The storytelling is more mixed. Like everyone else in the world, I’m a big fan of Keanu Reeves, and making Johnny Silverhand your frequent companion was inspired and made for the easy highlight of the experience. I was less enamored of the myriad other characters and factions for me to get involved with (or not).
Arguably the most pivotal scene in the early game involves an argument that turns into a murder, which you are seeing from behind a two-way mirror. You can’t move, meaning there is absolutely no excuse for the fact that multiple times during this sequence, one of the characters stands directly in front of the other, blocking *both* their faces from view. This sort of basic staging issue is rampant and baffling. Did no one watch any of these sequences?
Then there’s the dialogue. Typically, when you’re given options in a conversation, one or two will progress the story, while the others are optional flavor text that eventually circle back to the initial choice. Unfortunately, there’s no sense that the game actually understands what you have and haven’t said, resulting in successive lines being read with wildly differing tones as well as information being repeated as though it’s brand new.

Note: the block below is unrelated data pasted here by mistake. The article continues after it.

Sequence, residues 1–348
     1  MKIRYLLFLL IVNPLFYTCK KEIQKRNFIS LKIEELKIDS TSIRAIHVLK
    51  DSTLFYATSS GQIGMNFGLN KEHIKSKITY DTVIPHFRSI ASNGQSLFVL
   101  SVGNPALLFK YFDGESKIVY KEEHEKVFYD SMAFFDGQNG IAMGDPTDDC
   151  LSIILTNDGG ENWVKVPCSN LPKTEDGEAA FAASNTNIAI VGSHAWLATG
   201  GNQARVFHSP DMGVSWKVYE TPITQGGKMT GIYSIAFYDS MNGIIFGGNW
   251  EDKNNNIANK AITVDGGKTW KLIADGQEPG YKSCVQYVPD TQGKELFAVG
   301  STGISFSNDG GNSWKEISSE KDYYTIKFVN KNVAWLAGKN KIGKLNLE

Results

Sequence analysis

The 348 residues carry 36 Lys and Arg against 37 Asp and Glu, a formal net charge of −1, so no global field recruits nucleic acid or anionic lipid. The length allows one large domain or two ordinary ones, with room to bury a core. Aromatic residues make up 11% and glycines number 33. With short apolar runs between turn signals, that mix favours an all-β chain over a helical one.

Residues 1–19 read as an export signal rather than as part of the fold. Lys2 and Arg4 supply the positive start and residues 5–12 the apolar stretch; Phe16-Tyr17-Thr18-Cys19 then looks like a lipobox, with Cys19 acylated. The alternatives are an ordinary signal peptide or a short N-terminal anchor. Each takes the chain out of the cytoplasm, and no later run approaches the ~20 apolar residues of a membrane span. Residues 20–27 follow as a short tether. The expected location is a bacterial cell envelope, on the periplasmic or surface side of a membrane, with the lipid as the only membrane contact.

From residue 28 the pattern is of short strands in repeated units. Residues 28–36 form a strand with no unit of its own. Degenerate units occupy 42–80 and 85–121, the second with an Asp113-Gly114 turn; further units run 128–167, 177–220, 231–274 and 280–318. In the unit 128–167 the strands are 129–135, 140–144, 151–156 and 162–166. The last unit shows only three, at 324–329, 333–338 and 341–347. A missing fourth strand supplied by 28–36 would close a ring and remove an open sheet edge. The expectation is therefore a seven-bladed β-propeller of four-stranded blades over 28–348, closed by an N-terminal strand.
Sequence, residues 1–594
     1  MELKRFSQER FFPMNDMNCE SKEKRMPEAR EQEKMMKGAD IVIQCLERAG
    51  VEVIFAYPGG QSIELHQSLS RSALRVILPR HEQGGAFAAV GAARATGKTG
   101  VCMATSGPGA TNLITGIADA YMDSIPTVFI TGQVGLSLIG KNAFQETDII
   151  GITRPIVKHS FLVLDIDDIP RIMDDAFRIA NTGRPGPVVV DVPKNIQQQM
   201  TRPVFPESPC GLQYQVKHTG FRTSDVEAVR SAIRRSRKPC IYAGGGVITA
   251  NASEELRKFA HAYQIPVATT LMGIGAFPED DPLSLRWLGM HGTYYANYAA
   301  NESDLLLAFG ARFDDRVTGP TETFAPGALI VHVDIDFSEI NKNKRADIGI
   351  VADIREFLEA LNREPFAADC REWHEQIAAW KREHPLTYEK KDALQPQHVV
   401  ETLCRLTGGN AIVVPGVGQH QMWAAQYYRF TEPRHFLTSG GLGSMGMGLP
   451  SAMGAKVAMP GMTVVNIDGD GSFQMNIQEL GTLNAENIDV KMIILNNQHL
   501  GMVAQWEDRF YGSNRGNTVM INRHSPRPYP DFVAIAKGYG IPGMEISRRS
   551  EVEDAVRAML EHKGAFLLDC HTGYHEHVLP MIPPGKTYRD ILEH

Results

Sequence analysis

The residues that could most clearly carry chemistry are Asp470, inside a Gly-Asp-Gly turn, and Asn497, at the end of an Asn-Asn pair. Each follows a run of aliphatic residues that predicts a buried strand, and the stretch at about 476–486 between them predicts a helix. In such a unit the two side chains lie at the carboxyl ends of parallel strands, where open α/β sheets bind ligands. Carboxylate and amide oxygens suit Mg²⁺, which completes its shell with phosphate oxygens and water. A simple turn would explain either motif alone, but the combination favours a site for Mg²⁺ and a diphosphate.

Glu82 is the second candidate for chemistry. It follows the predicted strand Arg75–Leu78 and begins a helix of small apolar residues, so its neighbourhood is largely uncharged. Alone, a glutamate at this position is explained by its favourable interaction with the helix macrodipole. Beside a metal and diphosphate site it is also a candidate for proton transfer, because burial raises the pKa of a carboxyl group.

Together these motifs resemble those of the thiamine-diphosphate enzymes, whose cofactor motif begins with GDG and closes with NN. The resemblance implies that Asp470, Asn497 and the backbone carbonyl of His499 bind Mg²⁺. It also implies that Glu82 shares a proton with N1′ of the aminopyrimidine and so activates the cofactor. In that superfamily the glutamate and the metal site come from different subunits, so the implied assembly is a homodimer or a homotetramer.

And frankly I’m surprised by all this. Going into Cyberpunk 2077, I had expected a wide ranging and deeply compelling experience befitting the developer’s pedigree and its long development cycle. I thought that all that overwork would result in a game that was conflicting in its excellence: so good that all their work would feel almost justified, even as I lamented the situations that it resulted in. But all those folks convinced that this was Game of the Year or of the Generation or even Decade were wrong. It’s just another game, albeit a wildly impressive one. And we as a culture really need to be okay with that, with big games just being things that they enjoy and not what they base their identity around. Crunch exists because players want games that are as big and complex as possible, and management pushes their employees to their limits and beyond to oblige.
Johnny Silverhand wouldn’t like that. Neither should we.
Source by www.thedailybeast.com